By Most Rev. Richard W. Smith, Archbishop of Edmonton

Tuesday, November 14, 2017

Fuel Prices!

And I thought the mystery of the Most Holy Trinity was hard to understand. Grasping it seems less of a challenge by times than penetrating the enigma of the price at the pump! Yet, the fuel is necessary for the vehicle to move, so there is little choice but to pay what it costs.
Sunday’s Gospel (Matthew 25:1-13) made reference to another type of “fuel”. It is one whose price is far more stable than our wildly fluctuating gas prices, - the cost is always the same, in fact - but it is expensive nonetheless.
An oil lamp, similar to the type found in the early Christian catacombs.
Jesus tells a parable that uses the image of oil, not for transportation but for light. He tells the now familiar parable of the wise and foolish bridesmaids awaiting the arrival of the bridegroom. So that they will see and recognize his presence, they have with them lamps whose flame is fuelled by oil. The wise have oil in sufficient supply, the foolish ones have only a limited quantity. Needing to run off and buy more oil, the foolish ones miss out on greeting the bridegroom upon his arrival. The point Jesus is teaching is that his return will happen, though we know not when. Therefore, we must be ready now and always to welcome him by having enough oil to fuel the light by which we shall see, recognize and welcome him.

The flame of the lamp stands for faith. By faith, we see. Such faith needs to be “fuelled” by the oil of prayer, study of the Word of God, celebration of the sacraments and works of charity. These we keep in “ready and sufficient supply” when we practice them daily. This leads us to the cost of such oil.
The cost is that of self-sacrifice; the price paid is the act by which we surrender all self-reliance and choose to rely solely upon the wisdom, love and providence of God. This price never changes. It remains always the indispensable condition for authentic prayer, obedience to the Word of God, reception of sacramental grace, and genuine acts of Christian love. And it is expensive, since it is the gift of one’s entire self to God and to others. Yet, we willingly and gladly pay the price, because it is only by means of such “oil” that the flame of faith burns brightly and enables us to see and welcome the presence of God in our midst.

Monday, November 6, 2017

Statement for Catholic Education Sunday

In case you missed it, the following is the special statement issued by the Bishops of Alberta and the Northwest Territories for Catholic Education 2017. 

I was presented yesterday, on Catholic Education Sunday, with a picture with the signatures
of all the students from Gerard Redmond Catholic Community School in Hinton. (Photo: Roni Iwanciwski)
Brothers and Sisters in the Lord,
Every year in November, we, the Bishops of Alberta and the Northwest Territories, write a letter to you on the occasion of Catholic Education Sunday. This year we have repeated the practice. Drawing from the teaching of St. Paul, our letter focuses on truth, goodness and beauty. These are hallmarks of Catholic education. In addition to this letter, we offer you these further thoughts.
In our schools, students are challenged to recognize the inherent beauty and worth of the human person, and to understand and honour the gift of human sexuality. We call on them to serve others, regardless of their situation in life, with compassion and justice. The teaching we hand on to them offers a beautiful and life-affirming alternative to the negative and self-serving messages they hear every day via the various forms of modern communications.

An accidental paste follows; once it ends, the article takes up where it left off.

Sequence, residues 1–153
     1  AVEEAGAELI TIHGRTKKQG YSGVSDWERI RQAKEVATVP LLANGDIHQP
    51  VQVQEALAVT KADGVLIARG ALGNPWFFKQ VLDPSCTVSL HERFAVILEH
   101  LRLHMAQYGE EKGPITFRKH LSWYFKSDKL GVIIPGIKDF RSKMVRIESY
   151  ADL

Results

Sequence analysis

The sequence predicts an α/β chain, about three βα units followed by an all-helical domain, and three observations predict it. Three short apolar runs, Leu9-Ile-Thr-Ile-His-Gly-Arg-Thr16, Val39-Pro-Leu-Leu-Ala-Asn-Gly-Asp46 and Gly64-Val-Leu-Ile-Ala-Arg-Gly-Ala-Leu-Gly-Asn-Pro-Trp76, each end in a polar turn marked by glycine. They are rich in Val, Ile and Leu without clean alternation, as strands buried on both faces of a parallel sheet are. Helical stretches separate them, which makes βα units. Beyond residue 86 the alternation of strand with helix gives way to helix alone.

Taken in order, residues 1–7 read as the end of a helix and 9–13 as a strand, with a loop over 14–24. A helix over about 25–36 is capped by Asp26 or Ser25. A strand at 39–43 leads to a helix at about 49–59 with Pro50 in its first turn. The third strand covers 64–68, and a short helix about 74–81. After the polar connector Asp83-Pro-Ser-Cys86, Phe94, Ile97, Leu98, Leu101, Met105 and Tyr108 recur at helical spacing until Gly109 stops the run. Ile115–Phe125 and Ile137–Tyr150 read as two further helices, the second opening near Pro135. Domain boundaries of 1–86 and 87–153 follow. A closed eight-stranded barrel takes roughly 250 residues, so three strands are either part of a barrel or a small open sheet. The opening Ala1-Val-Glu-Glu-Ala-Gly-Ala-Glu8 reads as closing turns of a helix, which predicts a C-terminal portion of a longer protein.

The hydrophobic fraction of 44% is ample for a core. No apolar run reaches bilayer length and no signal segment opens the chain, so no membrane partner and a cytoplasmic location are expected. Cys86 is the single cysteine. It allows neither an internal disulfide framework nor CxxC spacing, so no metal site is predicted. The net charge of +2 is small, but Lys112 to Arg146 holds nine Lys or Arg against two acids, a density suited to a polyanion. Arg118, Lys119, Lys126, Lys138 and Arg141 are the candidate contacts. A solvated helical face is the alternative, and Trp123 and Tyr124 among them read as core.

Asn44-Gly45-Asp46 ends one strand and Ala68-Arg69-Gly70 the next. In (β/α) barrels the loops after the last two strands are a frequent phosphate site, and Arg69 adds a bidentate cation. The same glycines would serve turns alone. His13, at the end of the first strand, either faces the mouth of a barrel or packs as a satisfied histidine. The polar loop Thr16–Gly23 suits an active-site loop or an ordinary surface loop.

The nature and mission of our schools is rooted in the Gospel of Jesus Christ. His teaching is often countercultural in today’s world, just as it was when he taught. In fact, we saw this recently in the heated public discourse on the human sexuality part of the school curriculum. Much of the media frenzy we witnessed was based upon inaccurate reporting and a misrepresentation of our moral teaching. We are grateful to representatives of our school superintendents for clarifying the issues and allowing the facts to speak for themselves. Catholic schools teach the provincial curriculum through a Catholic lens. It is what we have always done; it is what we shall continue to do in all matters, including health and wellness.
Bishop Greg commissioning the Edmonton Catholic School Trustees.
Calls to dismantle our publicly funded Catholic school system are growing ever louder, and we must not ignore them. It is important that everyone be ready to stand up for our faith and for our schools. Please be prepared to speak out in support of our Catholic schools whenever you can. We are proud of who we are as Catholics. We do not and we shall not apologize to anyone for our faith or for our schools. Everyone knows that the existence of our schools, fully permeated with our faith, is a constitutional right. Everyone should also know that this is a right we shall vigorously defend.
Catholic education is a treasure, not only for our own Catholic children but also for our province. Our society as a whole benefits when parents have meaningful choice in how their children are educated.
Please pray for our teachers, administrators and trustees. They share our commitment to Catholic education and devote themselves with great zeal to its flourishing for the benefit of our beloved children. Pray also for our government leaders. May all work together to preserve and enhance the precious gift of publicly funded Catholic education in our province.
Catholic Bishops of Alberta and NWT